It was unlikely that anyone would come exchange needles with the police there, Cintron said. But the biggest barrier was a chained gate, blocking a park entrance between a group of people experiencing homelessness and the police and outreach workers. The outreach workers saw that the police seemed to be making no effort to reach those behind the gate.
“How are you going to feed the homeless, when they are right there behind a gate?” Cintron said.
A determined Cintron walked up to a female officer who was sitting behind the van and roughly five minutes later, returned muttering under his breath. The woman he spoke with, he said, pretended she didn’t know that the gate was locked. He criticized the police’s efforts in the park as a front: an effort to benefit from the optics of caring for the homeless, without having to deal with people who need the most help.
Roughly 10 minutes after we arrived, people began finding ways around the gate to exchange their needles with the outreach workers. With every bag of clean needles, Cintron would practically demand each person go get food from the police, reassuring them that they would be safe.
For those that chose to partake, there was a palpable excitement after Cintron’s assurances. They happily took Capri Sun drinks from officers sitting behind their car before getting food. But for some, Cintron’s assurances weren’t enough. One man emptied his pockets of two or three syringes and ran off before even taking clean needles, looking over his shoulders as he bolted.
Bomba and Blackness
By Grace Asiegbu
Driving down the winding roads, cars are greeted with green leaves and bold flowers. Between barrios, roads are marked with bright, lively signs informing drivers of their current location. Soon the view shifts from natural vegetation to sights and smells of restaurants lining the strip. The smells are smoky and meaty or sweet and warm.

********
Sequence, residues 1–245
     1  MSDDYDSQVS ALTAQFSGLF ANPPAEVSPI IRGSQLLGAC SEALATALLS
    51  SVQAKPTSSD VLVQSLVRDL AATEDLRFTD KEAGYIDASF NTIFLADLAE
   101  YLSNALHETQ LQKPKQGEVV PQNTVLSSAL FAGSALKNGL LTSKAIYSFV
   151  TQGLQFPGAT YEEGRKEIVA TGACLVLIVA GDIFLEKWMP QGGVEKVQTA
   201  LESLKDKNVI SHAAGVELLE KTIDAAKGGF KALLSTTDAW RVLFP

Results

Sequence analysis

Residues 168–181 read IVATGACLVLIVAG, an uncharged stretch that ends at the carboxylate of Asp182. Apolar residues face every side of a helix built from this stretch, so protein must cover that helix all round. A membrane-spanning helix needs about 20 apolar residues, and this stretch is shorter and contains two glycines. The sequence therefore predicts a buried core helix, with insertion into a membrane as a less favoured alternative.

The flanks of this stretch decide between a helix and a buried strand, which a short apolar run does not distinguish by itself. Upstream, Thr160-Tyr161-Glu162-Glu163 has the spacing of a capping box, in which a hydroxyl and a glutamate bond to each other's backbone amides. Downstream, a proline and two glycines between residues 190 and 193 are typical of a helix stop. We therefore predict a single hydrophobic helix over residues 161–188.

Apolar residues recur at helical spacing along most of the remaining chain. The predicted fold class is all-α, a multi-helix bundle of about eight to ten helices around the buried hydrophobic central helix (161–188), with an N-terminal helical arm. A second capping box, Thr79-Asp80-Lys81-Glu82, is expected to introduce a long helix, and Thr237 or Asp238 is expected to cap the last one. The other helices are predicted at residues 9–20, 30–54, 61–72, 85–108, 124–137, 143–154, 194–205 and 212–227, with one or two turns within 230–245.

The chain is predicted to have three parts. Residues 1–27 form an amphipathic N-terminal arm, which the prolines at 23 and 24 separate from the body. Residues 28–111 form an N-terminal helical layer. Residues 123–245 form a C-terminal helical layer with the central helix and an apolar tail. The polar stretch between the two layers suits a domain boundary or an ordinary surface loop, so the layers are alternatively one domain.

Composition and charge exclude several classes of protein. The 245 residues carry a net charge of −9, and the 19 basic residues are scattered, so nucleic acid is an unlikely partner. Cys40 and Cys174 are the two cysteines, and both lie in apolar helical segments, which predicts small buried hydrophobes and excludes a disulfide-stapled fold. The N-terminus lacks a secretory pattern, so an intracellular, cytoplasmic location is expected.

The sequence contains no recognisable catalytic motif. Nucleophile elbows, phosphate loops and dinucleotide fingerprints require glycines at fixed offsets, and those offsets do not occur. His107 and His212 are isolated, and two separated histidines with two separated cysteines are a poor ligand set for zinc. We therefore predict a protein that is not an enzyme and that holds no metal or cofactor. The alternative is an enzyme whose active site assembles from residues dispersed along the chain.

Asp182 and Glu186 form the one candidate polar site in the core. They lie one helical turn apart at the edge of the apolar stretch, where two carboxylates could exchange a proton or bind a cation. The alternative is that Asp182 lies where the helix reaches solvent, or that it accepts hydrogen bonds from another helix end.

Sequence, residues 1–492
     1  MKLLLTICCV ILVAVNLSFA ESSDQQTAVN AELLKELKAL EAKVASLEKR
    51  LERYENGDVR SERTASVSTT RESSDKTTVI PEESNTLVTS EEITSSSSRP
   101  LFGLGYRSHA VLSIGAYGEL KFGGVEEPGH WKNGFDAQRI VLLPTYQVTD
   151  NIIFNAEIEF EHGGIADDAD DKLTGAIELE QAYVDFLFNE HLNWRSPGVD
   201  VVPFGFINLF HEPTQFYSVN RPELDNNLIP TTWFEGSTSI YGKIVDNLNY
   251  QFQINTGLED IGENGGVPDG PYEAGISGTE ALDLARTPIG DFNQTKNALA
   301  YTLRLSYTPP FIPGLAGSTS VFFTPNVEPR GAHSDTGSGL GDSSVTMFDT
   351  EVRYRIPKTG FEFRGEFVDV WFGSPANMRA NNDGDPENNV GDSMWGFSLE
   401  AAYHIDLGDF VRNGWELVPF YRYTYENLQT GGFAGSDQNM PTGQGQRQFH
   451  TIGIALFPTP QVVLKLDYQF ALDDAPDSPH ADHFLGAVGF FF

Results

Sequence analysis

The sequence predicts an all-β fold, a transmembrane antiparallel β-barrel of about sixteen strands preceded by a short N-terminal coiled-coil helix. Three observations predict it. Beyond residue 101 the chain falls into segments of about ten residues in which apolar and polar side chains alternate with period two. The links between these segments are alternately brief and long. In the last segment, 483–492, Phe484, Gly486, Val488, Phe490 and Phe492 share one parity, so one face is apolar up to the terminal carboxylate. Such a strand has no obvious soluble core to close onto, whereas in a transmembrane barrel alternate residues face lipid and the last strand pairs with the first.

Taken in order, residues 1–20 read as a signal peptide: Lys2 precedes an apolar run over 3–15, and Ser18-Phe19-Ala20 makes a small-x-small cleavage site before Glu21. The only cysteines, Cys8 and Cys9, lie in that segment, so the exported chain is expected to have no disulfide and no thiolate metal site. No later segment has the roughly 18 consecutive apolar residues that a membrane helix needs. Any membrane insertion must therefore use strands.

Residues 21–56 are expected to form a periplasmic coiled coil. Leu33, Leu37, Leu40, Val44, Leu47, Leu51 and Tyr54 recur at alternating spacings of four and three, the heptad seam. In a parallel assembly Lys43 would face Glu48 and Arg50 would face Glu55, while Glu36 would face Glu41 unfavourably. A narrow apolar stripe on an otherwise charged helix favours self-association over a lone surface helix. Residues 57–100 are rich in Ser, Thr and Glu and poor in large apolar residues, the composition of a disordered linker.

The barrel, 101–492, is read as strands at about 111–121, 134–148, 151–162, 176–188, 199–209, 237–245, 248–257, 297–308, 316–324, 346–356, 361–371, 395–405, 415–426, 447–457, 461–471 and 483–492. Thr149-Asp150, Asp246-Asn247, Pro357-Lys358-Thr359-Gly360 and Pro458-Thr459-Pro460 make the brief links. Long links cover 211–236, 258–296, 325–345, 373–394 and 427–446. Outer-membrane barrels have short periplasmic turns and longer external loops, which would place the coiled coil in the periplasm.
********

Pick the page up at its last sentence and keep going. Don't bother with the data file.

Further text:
People are buzzing in and out of the markets, visiting friends or buying groceries. The vans turn into a lot and we walk into a space lined all over with chestnut wood. The colonial Puerto Rican flag was hung next to the red, green, and yellow flag of Loiza. The gaze of a vejigante mask follows us around the room, and a portrait of Puerto Rican laureate Arturo Schomberg framed on the wall also has eyes that follow.
Maricruz Clemente Rivera greets us with a wide smile as we walk into her space, a space that’s colorful and breezy. We were there to learn the art of bomba.
Bomba is a traditional Puerto Rican style of music and dance that stretches back centuries. It’s rumored bomba was created in 1501 but the first documentation of the dance was in 1787. Like many things in Latin American countries, it emerged as a means of survival for enslaved Africans during the Trans-Atlantic slave trade. Bomba originated in Loiza, the Capital of Tradition in Puerto Rico. Bomba is a percussive style of dance largely marked by the dancer and drummer having a conversation through the steps. It is a challenge between the drummer and the dancer, in which the drummer has to follow the dancer’s steps and anticipate their next step.
Maricruz teaches bomba as a means of reconnection to Puerto Ricans’ African heritage. Across the island, the denial of race or racism is rampant. Particularly, Loiza has Puerto Rico’s largest population of Black people, a number that sat around 65% in the 2010 census. According to Maricuz, too many Loizans deny their Blackness.
Denying Black or African ancestry is not unique to Loíza. According to U.S. Census data, 67.4% of Puerto Ricans identify as white alone and 5.2% identify as two or more races. The “little bit of everything” some Puerto Ricans may use to describe their racial heritage are Taíno, African, and Spanish. The Taíno were pre-colonial inhabitants of Puerto Rico, dating back to the 1400s. The Taíno were not exclusive to Puerto Rico–they lived in other Caribbean islands like Cuba, Haiti, and Dominican Republic. They also inhabited parts of what is now Florida. Of course, through enslavement and colonization, the Taíno became essentially extinct by the end of the 20th century.
Ahead of the 2020 census, questions on how to construct race in Puerto Rico remain complicated. How can we reconcile people self-reporting their race as white when by the average American’s standard, these are non-white people? What does it mean for examining or reconciling racial inequalities if we can’t get an accurate description of people’s racial backgrounds?
Spreading light through theater
By Shreya Bansal